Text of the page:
Inspiration (a life changing day)

As anyone familiar with my endless supply of analogies and metaphors knows, I’m capable of gaining inspiration from almost anything. But last Wednesday I was lucky enough to attend TEDxDetroit, where inspiration was the order of the day, and the event did not disappoint. Because the TED theme is “ideas worth spreading,” I’m going to use this space to highlight my inspirations and learnings from the day. I hope you’ll find my thoughts worthwhile.

For those of you who are unfamiliar, “TED is an annual event where the top minds in the world share, connect and inspire. TED stands for Technology, Entertainment, Design — three subjects that, collectively, shape our future. The event draws CEOs, scientists, creatives, philanthropists and extraordinary speakers.” This year, the TED organizers decided to open up the concept to local organizers through the TEDx concept, and several Detroiters, led by Charlie Wollberg, produced the inaugural TEDxDetroit.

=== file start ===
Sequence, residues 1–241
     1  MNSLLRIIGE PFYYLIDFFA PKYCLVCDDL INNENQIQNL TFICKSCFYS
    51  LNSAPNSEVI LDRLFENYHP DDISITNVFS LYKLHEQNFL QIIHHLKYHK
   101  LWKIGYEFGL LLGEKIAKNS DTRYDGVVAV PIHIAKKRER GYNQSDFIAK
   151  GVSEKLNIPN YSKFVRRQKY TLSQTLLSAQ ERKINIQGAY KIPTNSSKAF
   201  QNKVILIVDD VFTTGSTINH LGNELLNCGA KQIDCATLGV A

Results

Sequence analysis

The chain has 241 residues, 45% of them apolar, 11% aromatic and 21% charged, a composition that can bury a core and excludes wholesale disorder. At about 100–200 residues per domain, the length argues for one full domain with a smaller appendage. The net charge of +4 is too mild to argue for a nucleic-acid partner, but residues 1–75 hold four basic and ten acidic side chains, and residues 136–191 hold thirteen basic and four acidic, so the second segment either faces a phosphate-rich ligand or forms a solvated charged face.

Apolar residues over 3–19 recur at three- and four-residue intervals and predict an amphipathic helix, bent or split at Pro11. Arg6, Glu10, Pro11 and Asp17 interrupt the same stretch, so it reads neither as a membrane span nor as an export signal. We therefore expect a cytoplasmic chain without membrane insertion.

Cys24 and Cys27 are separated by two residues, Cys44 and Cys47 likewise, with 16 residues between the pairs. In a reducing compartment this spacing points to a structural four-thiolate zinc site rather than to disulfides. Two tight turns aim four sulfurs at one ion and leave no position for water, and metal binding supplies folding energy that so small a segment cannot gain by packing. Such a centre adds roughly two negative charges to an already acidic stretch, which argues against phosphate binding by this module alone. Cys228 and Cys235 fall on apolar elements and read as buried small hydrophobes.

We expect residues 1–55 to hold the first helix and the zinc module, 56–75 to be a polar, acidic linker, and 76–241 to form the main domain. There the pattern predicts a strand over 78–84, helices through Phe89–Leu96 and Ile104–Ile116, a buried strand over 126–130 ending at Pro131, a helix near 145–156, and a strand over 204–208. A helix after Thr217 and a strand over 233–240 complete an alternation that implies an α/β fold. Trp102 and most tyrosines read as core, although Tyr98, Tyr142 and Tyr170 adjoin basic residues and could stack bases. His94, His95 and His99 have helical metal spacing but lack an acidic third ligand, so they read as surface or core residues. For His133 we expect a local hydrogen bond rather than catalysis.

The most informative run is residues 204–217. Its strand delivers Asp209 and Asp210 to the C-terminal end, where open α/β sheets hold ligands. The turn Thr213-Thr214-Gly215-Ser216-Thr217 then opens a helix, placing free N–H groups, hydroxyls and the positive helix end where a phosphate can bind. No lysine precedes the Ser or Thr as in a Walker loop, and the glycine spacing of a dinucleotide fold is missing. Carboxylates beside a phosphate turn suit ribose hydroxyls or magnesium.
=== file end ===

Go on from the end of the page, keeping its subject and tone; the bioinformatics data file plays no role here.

While there was much inspiration to be gained from each of the 15 speakers of the day, three had a particularly strong effect on me.

Chazz Miller is the founder and muralist at Public Art Workz in Detroit, an organization that creates “bold, innovative community redevelopment projects that use the arts, culture, creativity and innovation as a catalyst for reinventing and revitalizing the communities of Old Redford and Northwest Detroit, Michigan, into a multi-discipline, arts, education, entertainment and cultural community.” Chazz described with passion and affection some of the community art he has developed in the form of wall murals, “mood swings” and “poet trees.”

What struck me most during Chazz’s talk was his specific involvement of the community in his art. He actively recruited members of the local community to help complete his park wall murals, and he found that the community then maintained those parks better than ever. As he said, if you truly and honestly involve more people in the effort, they’ll care more about what’s been accomplished.

I realized that there’s strong business value in Chazz’s philosophy. While a top-down command culture may be able to achieve results, a truly participatory culture breeds ownership. And with ownership comes the type of pride and attention to details that enhances the nuances that can make the difference between good and great. How can we as leaders bring an overall vision to our businesses but allow our teams the freedom to actively participate and bring their strengths and ideas to the details we cannot possibly see?